Not Slaves But Sons
by Patricia Backora
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Not Slaves, But Sons
By Patricia Backora, author of the book
Tough Love in Christ's Millennium
Which you can order online from: http://www.publishamerica.com
What needless anxiety God's people could save themselves if only they stood with feet firmly planted upon what the Bible says about who they are in Christ. God wants His people to believe every word Paul and other New Testament writers said about the Christian's identity as a beloved child of God. Knowing what we are to God, as well as what He means to us, would revolutionize our walk with Christ as well as our daily service.
God's Old Testament saints were very precious to him (and still are). But they lived under a more difficult dispensation, that of Law, rather than grace. Old Testament saints were ruled by laws written on stone, whereas the Christian has the Law of the Spirit of Life in Christ Jesus written upon his heart (Rom. 8:1-4; II Cor. 3:3). The Old Law was an imperfect covenant. It ministered condemnation to people's consciences because they could not perfectly keep it. Old Testament saints looked forward to the Cross, while we look back at it. Under their covenant, animals had to be ritually slaughtered as "promissory notes" in anticipation of the future Sacrifice of Christ on their behalf. But these sacrifices never could take away sin or make anyone perfect (Heb. 7:19; 9:9).
In John Chapter 3 Nicodemus came to Jesus in the middle of the night and asked him what he needed to do to inherit eternal life. Nicodemus was a good Jew, a conscientious Pharisee who did his best to keep the Law of Moses. But that wasn't good enough. Jesus said in verse 7: Ye must be born again.
How? Nicodemus asked him. Surely a man couldn't go back into his mother's womb and come back out into the world again! Jesus told Nicodemus he needed to be born again spiritually. The difference between us and the Old Testament saints is that becoming a new creation in Christ was only possible after Christ's death, burial and resurrection. They were saved from God's wrath through obedience to His instructions to carry out periodic animal sacrifices, thus showing their faith in the future coming of their Redeemer. But it was only after Christ's resurrection that He breathed upon His disciples and said: Receive ye the Holy Spirit (John 20:22). While Old Testament saints did the best they could to live under the Old Law and keep it, we are indwelt by the Spirit of Christ, the Son of God, and so we cry, "Abba, Father!"(Gal.4:6-7). We have been delivered from the slavish fear of not being able to keep Mosaic Law perfectly. We have been born anew into the family of God through the washing of regeneration and renewing of the Holy Ghost (Titus 3:5). Not by any righteous works we have done, but according to His mercy He saved us. We are no longer slaves, but sons and heirs of Almighty God.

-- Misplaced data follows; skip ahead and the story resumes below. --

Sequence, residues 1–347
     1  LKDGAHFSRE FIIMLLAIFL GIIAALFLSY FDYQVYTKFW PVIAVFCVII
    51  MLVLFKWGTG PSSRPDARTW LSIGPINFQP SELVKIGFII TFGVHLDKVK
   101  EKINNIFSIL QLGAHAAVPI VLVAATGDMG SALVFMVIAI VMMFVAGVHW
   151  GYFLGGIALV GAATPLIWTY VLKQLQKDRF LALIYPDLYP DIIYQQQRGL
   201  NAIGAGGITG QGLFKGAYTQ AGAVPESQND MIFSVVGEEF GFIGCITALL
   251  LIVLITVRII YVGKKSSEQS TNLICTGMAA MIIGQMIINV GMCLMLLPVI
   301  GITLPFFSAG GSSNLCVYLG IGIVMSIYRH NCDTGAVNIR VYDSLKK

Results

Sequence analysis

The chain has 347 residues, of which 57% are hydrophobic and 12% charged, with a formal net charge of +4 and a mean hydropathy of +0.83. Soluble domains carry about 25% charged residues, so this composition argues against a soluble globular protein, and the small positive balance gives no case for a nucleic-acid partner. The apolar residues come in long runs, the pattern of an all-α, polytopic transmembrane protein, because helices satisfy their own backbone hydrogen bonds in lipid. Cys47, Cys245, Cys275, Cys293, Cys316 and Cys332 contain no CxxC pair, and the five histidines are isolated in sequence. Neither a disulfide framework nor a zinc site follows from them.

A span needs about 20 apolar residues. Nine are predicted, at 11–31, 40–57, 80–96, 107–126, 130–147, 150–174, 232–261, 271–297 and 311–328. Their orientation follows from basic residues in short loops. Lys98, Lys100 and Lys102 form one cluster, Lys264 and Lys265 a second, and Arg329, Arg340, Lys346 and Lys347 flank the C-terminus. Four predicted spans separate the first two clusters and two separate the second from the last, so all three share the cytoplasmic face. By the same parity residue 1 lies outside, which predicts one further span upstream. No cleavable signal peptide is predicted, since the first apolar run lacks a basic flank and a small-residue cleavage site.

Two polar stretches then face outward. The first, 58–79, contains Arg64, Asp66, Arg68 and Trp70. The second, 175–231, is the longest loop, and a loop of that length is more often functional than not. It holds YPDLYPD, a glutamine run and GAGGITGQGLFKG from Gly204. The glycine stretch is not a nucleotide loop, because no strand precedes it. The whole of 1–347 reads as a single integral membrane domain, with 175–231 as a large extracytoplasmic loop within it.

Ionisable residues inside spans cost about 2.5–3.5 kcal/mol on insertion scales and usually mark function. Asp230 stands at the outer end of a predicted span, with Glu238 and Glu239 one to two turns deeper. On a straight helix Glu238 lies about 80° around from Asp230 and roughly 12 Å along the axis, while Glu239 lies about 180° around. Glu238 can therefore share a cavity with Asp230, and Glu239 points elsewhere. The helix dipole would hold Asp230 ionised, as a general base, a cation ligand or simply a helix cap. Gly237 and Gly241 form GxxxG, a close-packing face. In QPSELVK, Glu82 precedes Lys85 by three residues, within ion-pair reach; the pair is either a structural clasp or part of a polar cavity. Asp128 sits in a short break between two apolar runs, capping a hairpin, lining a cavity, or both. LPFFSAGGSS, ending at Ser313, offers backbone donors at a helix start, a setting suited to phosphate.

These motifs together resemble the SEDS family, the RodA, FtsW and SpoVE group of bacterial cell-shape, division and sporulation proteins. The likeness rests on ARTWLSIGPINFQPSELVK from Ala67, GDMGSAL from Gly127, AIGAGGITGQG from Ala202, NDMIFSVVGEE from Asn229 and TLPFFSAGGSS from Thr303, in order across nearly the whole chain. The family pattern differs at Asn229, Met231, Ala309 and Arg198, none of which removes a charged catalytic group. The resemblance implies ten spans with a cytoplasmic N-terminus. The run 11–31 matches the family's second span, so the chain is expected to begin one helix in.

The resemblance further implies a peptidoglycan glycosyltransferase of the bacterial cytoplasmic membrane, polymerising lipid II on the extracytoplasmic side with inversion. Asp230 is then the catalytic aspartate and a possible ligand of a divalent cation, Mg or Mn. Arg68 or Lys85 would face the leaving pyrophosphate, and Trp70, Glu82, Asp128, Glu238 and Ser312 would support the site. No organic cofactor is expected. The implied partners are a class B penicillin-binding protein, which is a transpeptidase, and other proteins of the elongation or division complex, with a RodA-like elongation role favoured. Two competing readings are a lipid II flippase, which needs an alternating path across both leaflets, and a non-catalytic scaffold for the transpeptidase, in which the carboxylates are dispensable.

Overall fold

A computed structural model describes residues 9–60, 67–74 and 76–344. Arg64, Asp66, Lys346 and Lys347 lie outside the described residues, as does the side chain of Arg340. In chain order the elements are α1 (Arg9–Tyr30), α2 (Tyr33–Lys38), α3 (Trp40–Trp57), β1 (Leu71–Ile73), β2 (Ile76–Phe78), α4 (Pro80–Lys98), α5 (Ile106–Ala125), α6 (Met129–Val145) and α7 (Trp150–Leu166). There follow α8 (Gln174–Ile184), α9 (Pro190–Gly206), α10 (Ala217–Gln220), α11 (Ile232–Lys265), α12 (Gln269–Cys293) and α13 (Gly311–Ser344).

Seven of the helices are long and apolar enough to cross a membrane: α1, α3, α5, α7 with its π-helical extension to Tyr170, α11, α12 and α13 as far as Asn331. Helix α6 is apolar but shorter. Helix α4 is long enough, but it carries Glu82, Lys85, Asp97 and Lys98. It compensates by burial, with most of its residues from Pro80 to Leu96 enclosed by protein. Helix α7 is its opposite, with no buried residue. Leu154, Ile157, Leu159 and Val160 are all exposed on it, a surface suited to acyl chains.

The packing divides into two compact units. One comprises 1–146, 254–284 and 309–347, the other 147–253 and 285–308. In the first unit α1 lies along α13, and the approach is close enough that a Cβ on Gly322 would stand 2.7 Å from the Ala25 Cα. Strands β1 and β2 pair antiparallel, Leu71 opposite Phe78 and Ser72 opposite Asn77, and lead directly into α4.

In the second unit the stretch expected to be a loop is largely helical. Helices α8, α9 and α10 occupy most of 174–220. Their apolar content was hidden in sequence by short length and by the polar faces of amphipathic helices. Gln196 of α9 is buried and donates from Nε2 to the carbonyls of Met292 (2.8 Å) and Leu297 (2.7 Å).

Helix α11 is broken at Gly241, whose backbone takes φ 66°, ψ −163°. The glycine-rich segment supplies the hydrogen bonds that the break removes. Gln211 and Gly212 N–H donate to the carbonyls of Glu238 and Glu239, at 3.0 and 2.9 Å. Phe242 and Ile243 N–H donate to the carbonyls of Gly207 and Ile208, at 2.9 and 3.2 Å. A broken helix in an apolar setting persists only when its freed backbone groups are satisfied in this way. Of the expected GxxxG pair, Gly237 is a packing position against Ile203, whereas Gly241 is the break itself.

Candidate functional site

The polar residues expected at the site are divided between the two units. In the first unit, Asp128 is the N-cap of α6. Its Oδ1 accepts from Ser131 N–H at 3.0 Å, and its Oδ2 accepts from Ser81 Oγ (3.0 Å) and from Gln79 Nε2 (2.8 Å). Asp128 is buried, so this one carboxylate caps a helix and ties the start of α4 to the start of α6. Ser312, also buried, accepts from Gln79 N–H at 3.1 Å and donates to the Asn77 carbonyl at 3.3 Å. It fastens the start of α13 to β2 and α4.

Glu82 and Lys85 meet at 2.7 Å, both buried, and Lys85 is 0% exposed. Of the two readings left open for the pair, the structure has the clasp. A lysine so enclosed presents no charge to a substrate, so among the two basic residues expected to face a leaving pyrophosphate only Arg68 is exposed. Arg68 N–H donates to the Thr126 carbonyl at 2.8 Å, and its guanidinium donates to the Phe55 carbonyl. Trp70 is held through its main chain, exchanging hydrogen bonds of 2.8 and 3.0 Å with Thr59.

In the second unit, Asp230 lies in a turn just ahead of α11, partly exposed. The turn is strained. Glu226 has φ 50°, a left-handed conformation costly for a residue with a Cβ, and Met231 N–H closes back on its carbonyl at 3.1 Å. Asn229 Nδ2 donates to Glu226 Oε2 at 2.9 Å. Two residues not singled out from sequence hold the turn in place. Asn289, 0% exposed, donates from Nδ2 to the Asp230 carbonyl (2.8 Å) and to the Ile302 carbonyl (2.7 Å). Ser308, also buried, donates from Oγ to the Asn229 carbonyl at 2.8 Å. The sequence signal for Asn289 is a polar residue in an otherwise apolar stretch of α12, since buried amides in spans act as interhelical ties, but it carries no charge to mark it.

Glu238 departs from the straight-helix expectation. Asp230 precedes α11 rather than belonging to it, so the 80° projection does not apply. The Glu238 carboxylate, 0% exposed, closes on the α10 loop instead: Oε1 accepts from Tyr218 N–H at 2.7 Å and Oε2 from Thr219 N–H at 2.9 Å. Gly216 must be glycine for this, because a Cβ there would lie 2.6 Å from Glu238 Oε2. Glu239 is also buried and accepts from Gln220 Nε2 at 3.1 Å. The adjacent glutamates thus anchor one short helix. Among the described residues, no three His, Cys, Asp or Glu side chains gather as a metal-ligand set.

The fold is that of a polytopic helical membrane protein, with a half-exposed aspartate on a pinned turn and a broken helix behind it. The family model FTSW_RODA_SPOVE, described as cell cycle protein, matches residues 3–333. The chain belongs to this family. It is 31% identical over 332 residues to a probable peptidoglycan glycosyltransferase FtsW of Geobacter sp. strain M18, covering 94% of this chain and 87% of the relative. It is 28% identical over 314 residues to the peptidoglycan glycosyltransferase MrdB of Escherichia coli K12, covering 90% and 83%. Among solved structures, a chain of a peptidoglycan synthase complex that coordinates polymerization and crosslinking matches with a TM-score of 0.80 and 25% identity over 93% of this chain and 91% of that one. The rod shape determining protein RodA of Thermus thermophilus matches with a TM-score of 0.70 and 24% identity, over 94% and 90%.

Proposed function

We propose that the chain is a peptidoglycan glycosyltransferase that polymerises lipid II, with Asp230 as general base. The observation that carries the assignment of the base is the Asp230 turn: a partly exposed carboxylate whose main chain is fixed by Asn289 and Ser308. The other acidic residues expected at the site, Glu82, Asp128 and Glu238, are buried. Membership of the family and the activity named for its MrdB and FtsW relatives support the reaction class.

In the ancient world, an unpaid slave was on society's lowest rung, hardly even considered a human being. He served his master not to get a reward, but out of fear of the stripes he'd get on his back if he didn't. Jesus got stripes on His own back because of our faults and failings, and He atoned for them forever. The hired servant was in a better position, because his goal was to get paid, not to avoid punishment. The unpaid slave was held in captivity by his master, while the hired servant could go elsewhere to work if he was dissatisfied. In Luke 15:11-32 we read of the Prodigal Son. After wandering off to a life of sin, the wayward youth returns home, ashamed of the miserable way he failed his father. He is determined to join the ranks of the hired household servants. Even if he is no longer a son, at least he will get something to eat. But the father joyfully receives the young man back and bestows the ring and the robe of a son upon him.
Some Christians act like the wretched slave, afraid of his master's whip, always scurrying about and keeping busy, lest they receive punishment. The best they hope for is to get something to help them survive. This bad hang-up tarnishes the love a son or daughter ought to have toward their Father. The relationship degenerates to one of servile fear, rather than love and reverence.